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Table 4 Characteristics of the studies included in the data synthesis

From: Limits to modern contraceptive use among young women in developing countries: a systematic review of qualitative research

Study Author (date) Aim Sample size Sample characteristics Context/setting Data collection
Castle (2003) To investigate the belief that hormonal contraceptives lead to long-term sterility 75 (+ 8 health professionals) 39 female, 36 male
Most aged 15–19 years*
Most educated (14 of 52 clients/non-clients had no formal education)
Most sexually active*
Most unmarried*
Bamako and Sikasso, Mali
(urban)
Mix of clients of peer education programme, peer educators, and non-clients from same areas
Individual interviews
Kiluvia & Tembele (1991) To learn about Tanzanians' opinions, knowledge and behaviour with respect to family planning and child spacing 141 in 16 focus group discussions (FGD) 63 male and 78 female
Aged 15–19 yrs
All participants had either some primary schooling or no schooling at all
Most not sexually active*
Most unmarried*
9 villages in 6 districts of Tanzania (Kisarawe, Mwanga, Dar es Salaam (urban), Sumbawanga, Dodoma, Songea)
(all but one rural)
Focus group discussions
Nguyen, Liamputtong & Murphy (2006) To examine young people's knowledge and practice of contraceptives 16 12 female, 4 male
Aged 15–24 years
Education – secondary (4), high school (5) and college/university (7)
Females – all unmarried & all sexually active
Ho Chi Minh City, Vietnam
(urban)
Hospital based sample (had experienced abortion)
Individual interviews
Otoide, Oronsaye & Okonofua (2001) To examine attitudes and beliefs of abortion and contraception 149 in 20 FGD All female
Aged 15–24 years
Education – tertiary (23), secondary (79), primary/secondary (19), primary (7), none/primary (15), none (6)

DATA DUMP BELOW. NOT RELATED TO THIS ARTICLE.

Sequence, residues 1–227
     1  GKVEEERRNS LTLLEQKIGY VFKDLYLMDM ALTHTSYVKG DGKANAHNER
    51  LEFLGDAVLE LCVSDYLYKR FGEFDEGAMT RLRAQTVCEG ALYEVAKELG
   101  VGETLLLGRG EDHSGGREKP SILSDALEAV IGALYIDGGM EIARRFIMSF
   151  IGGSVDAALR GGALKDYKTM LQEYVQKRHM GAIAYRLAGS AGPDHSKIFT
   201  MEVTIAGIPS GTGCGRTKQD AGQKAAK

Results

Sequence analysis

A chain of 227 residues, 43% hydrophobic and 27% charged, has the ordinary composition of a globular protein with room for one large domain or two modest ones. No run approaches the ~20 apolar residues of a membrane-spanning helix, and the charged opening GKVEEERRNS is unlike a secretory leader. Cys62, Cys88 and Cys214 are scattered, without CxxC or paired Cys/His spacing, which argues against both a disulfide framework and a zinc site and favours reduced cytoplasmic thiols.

116 sexually active
Marital status not reported
Benin City, Nigeria
(urban)
Sample were selected from a range of areas of residence
Focus group discussions
Rasch et al (2000) To understand the experiences of adolescent girls with illegally induced abortion 51 All female
Aged 15–19 years
25 still in school (rest employed as house-girls, waitresses or engaged in petty trade)
All sexually active
All unmarried
Dar es Salaam, Tanzania
(urban)
Hospital sample (pregnant and admitted to hospital with incomplete, induced abortion)
Individual interviews
Richter & Mlambo (2005) To explore and describe perceptions of teenage pregnancy 32 22 female, 10 male
Aged 13–19 years
Education not reported
Marital status not reported
At least 10 females sexually active* (sampled from ante/post-natal clinics)
Bushbuckridge district of Limpopo Province, South Africa
(rural)
Sample from an antenatal clinic, a family planning clinic, a postnatal ward, and a Love-Life Youth Centre
Individual interviews
Wood & Jewkes (2006) To collect information to improve access to and quality of contraceptive services for adolescent girls 35 (interviews) & 5 FGD (+ 14 nurses – interviews & focus groups) All female
Aged 14–20 years
Education not reported
33 interviewees were sexually active†
All interviewees were unmarried†
Limpopo Province, South Africa
(semi-rural)
Sample from semi-rural areas surrounding the main town – recruited from clinic waiting rooms or schools*
Individual interviews and focus group discussions
  1. * Actual figures not reported.
  2. † Not reported for focus groups.